Smith, who has an upcoming exhibition at the Aspen Art Museum this winter, has exhibited extensively around the world, staged screenings at international institutions and film festivals, including Sundance and in Smuggler Mine here in Aspen last year. She is the recipient of numerous awards and grants, including the 2022 Heinz Award and a Guggenheim Fellowship in 2021. Her work is held in key collections, including the Art Institute of Chicago; the Whitney Museum of American Art, New York; and the San Francisco Museum of Modern Art. She is Professor at CalArts School of Art, LA.
Cauleen Smith (b. Riverside, California, 1967, lives and works in Los Angeles, CA) is an artist who makes films, installations, and objects. She actively invites engagement, and with much of the work she employs a purposeful undermining of image and language to elicit contemplation. Smith’s films create worlds that expand on the discourse of mid-twentieth-century experimental filmmaking. Drawing from structuralism, third world cinema, and science fiction, she assembles poetic compositions that gently reveal nuanced narratives, both familiar, and oftentimes, purposefully opaque. Her text-based tapestries follow a historic tradition of heraldry. These banners, which can be understood as a social device symbolizing community organizing, declare personalized idioms sewn in script that simulates her own handwriting, lifted directly from her sketchbook. Through her installations, Smith constructs archetypes of the universe and she assembles miniature worlds using myriad items, which often include mundane object and figurines alongside symbols of colonialism, such as porcelain objects and potted plants, paired with disco balls, rocks and minerals, resulting in something otherworldly and also museological. For Smith, consideration of the audience is an important element of her process, and she uses a full range of media and references to express her belief in utopian potentiality.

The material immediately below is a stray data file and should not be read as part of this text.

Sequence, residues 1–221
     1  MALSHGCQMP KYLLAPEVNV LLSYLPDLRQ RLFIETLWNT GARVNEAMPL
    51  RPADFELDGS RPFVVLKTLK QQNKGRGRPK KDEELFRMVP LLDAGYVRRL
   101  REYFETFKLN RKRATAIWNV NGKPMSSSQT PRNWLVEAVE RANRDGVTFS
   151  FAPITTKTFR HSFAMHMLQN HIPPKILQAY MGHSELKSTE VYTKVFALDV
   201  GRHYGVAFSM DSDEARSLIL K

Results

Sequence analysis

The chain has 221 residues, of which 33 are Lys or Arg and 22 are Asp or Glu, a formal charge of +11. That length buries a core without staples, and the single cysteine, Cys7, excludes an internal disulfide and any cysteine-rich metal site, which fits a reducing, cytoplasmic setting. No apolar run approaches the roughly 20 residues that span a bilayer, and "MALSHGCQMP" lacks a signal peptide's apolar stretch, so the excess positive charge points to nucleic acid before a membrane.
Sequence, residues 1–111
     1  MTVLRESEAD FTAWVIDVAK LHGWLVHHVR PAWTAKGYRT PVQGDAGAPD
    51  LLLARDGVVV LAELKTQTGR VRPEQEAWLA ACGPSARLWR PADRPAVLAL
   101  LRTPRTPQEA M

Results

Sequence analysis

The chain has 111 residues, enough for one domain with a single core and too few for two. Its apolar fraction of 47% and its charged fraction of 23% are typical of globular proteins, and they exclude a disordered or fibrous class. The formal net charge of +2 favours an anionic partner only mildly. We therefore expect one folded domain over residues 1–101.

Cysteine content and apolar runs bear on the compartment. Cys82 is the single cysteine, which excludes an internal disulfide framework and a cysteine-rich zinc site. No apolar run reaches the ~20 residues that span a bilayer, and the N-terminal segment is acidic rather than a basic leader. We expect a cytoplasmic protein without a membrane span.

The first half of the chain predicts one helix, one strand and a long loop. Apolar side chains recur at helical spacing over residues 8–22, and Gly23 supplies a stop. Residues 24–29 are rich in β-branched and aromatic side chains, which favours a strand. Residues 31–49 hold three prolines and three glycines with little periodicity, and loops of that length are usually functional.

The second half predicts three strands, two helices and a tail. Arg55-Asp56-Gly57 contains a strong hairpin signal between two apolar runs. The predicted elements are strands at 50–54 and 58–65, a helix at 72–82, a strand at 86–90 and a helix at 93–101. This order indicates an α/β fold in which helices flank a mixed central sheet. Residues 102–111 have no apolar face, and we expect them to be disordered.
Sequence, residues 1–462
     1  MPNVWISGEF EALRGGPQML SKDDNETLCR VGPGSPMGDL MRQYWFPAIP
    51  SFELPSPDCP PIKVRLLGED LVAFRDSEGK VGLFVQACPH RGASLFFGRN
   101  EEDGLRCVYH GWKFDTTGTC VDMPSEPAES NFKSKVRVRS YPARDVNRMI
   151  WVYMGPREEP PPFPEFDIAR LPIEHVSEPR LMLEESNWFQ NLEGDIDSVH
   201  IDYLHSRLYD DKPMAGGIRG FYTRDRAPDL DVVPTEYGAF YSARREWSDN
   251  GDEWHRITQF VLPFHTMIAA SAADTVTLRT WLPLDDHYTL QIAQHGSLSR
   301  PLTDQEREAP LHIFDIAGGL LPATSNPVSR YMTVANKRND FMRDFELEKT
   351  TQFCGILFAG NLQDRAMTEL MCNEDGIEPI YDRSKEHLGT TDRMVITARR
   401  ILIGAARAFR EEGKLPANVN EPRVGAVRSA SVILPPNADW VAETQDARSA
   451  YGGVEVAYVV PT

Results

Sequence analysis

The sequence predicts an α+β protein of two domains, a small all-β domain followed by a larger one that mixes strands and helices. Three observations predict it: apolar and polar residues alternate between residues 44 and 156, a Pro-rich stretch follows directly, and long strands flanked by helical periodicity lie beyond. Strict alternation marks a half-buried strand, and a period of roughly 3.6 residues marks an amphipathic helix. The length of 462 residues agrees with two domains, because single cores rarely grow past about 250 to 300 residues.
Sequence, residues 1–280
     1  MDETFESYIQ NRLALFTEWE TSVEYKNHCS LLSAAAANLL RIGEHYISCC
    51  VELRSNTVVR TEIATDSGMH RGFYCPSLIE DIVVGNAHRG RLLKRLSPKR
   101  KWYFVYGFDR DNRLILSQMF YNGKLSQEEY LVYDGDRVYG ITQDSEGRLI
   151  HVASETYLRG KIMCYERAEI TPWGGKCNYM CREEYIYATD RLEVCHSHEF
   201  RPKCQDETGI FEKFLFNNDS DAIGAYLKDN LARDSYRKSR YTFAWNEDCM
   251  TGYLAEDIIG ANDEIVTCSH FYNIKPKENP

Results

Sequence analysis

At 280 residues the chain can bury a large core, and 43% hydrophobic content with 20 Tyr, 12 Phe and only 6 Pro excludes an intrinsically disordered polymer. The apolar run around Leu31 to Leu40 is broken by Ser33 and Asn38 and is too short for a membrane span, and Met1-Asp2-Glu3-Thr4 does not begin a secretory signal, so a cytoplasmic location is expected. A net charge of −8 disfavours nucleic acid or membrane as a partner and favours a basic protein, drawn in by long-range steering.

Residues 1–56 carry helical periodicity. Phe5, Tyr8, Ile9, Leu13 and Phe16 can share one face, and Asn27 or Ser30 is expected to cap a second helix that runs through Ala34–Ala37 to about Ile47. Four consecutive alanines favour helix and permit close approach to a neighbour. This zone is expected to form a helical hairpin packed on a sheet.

Cauleen Smith received her BFA from San Francisco State University, San Francisco, CA, and her MFA from University of California, Los Angeles, CA. Smith is the recipient of several grants and awards, including the 2022 Heinz Award; Guggenheim Fellowship; Joyce Alexander Wein Artist Prize; Ellsworth Kelly Award; The Herb Alpert Award in the Arts; and a Rauschenberg Residency. Smith’s works have been featured in solo exhibitions at institutions such as Los Angeles County Museum of Art, Los Angeles, CA; Whitney Museum of American Art, New York, NY; Institute of Contemporary Art, Philadelphia, PA; San Francisco Museum of Modern Art, San Francisco, CA; Museum of Contemporary Art Chicago, Chicago, IL; Art Institute of Chicago, Chicago, IL; Massachusetts Museum of Contemporary Art, North Adams, MA; Contemporary Arts Museum Houston, Houston, TX; and Carnegie Museum of Art, Pittsburgh, PA, among others. Her work is included in numerous public collections, such as the Art Institute of Chicago; Los Angeles County Museum of Art; Museum of Contemporary Art, Los Angeles; San Francisco Museum of Modern Art; Studio Museum Harlem; Smithsonian Museum of American Art; and the Whitney Museum of American Art.